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A High-Stakes Headcount: Philanthropy and the 2020 Census

By Caitlin Reilly | November 2017

We’re still several years out from 2020, but funders are already preparing for a census that experts believe will be unusually fraught by challenges like underfunding, cyber security threats, partisan sabotage and growing mistrust of government.

An unsuccessful census can have far-reaching consequences for both the public and private sectors. On the government side, census data informs how congressional districts are redrawn and determines where government funds go.

“This is at the heart of our democracy. This is one of the key levers, and if you get it wrong, then your democratic institutions are warped for the next decade,” said Gary Bass, an executive director at the Bauman Foundation. “Whether you’re a Republican or a Democrat, it shouldn’t matter, you want to get right.”

On the private side, businesses use the data to decide where to they should set up shop. Philanthropists use census-derived data to decide how to set goals, distribute grants and evaluate outcomes.

“When you ask a program officer to think about it for about 60 seconds, the light bulb goes off,” said Terri Ann Lowenthal, a senior advisor to the Funders Census Initiative. “If they’re interested in supporting education, they’re looking at data on educational outcomes, by income, by race and ethnicity, by where people live—urban, rural. All of that information, all of the data comes from the Census and the American Communities Survey, or other federal data that relies on a good census as a foundation for benchmarking.”

“It’s probably the most important dataset in the country that no one’s ever heard about. We all, every funder and every grantee, have probably used census data,” Bass said. He leads a separate funder coalition through the Democracy Funders Collaborative that’s marshalling support for 2020.

Bass’ and Lowenthal’s groups work closely. Lowenthal first got involved with funders interested in supporting the census in late 2008 to prepare for 2010. She was a consultant for the Funders Census Committee, housed by the Funders Committee of Civic Participation, which houses the initiative she works on now.  For the 2010 census, the committee raised an estimated $34 million in philanthropic support, Lowenthal said.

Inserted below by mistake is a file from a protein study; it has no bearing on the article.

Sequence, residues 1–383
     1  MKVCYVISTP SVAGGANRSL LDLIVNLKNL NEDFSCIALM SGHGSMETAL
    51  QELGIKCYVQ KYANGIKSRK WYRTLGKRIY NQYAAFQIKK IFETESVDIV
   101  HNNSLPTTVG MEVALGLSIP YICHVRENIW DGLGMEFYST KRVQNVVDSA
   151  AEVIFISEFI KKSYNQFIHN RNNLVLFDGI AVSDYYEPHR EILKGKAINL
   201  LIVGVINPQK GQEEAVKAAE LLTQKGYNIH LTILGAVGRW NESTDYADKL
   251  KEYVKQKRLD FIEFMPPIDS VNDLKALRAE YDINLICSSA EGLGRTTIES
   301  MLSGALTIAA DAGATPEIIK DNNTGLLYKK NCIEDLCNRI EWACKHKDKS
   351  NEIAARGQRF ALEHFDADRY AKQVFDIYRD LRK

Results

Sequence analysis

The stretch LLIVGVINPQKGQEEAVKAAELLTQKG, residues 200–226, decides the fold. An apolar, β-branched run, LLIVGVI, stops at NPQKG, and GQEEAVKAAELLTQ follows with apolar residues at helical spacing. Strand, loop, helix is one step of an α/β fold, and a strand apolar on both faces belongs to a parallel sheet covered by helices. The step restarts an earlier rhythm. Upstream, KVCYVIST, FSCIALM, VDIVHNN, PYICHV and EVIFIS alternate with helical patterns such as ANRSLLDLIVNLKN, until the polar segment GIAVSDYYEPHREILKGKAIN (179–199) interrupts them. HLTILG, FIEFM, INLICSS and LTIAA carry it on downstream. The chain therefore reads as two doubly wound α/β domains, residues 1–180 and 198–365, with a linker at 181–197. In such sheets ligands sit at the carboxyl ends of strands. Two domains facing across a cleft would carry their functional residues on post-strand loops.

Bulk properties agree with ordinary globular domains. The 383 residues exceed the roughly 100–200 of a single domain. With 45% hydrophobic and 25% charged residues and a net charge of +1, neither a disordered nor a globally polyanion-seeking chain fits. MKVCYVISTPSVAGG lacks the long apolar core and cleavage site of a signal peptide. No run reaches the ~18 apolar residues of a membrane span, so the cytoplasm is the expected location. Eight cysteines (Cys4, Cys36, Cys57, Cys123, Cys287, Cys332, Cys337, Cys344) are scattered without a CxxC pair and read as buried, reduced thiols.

The initiative’s parent organization, FCCP, has a long history in the democracy space. Founded in 1983 by grantmakers interested in boosting voter registration, the FCCP embraces a network oriented toward equity and the enfranchisement of underrepresented communities. The full list of members is available here. Its chairs and co-chairs include some of the most well-known grantmakers in the democracy space, such as Geri Mannion of the Carnegie Corporation, and Michele Lord of NEO Philanthropy. It's currently co-chaired by Connie Malloy of the Irvine Foundation and Steve Cole-Schwartz of the Partnership Funds.

This time around, the Funders Census Initiative got started much earlier in the decade, back in 2013, when Lowenthal knew the Census Bureau would start its own planning and preparation. The initiative sees its role as engaging new funders and acting as an educational resource through webinars, conferences and fact sheets.

Bass’ group also got started early with a plan of action developed back in 2015. The collaborative includes funders and stakeholder groups that share the goal of a fair and accurate census in 2020, Bass said. Their plan of action includes policy issues that affect the census, like funding and questions that end up on the survey, reaching out to more voices in the private and public sectors, and getting out the count, especially among the hard-to-count populations.

The collaborative came about though the Democracy Funders Collaborative, which was looking for more areas to address, Bass said.

Bass says the collaborative includes about 15 to 20 organizations. The governance of the collaborative is overseen by the Annie E. Casey Foundation, the Bauman Foundation, the Carnegie Corporation, the Coulter Foundation, the Ford Foundation, the James Irvine Foundation, the Joyce Foundation, the JPB Foundation, Open Society, the Robert Wood Johnson Foundation and Unbound Philanthropy. The Heising-Simons Foundation, the Hewlett Foundation and the W.K. Kellogg Foundation aren’t part of the governance, but are funding through the collaborative.

Census 2020: The Perfect Storm

But why should funders get involved? A key reason is that minorities, low-income people, children, especially children of color, immigrants nad mobile young people are disproportionately overlooked in census counts, while higher-income, white households tend to be over-counted. 

This has consequences, because redrawing congressional districts, allocating government program funds, and a range of nonprofit initiatives require local snapshots. “Mistakes don’t cancel each other out at the local level," Lowenthal said. "They compound each other, and they compound the inequalities that flow from that skewed picture. And we have to live with those results for the next 10 years.”

Bass and Lowenthal agree that getting an accurate count will be even more difficult this time around. “There’s a confluence of unprecedented factors, many outside the Census Bureau’s control, that threaten to create the perfect storm and thwart a good count,” Lowenthal said.

“You never want to say it’s more of a disaster, but I think what you could say is that the potential dangers are much clearer this cycle than ever before,” Bass said.

For starters, the federal funding is much lower than in the past. Typically, in the seventh year of the decade, census funding rises dramatically, but it didn’t in 2017, and is scheduled to stay about the same for 2018, Bass said. “We’re nowhere near where we were in 2010 or 2000, or even 1990,” he said.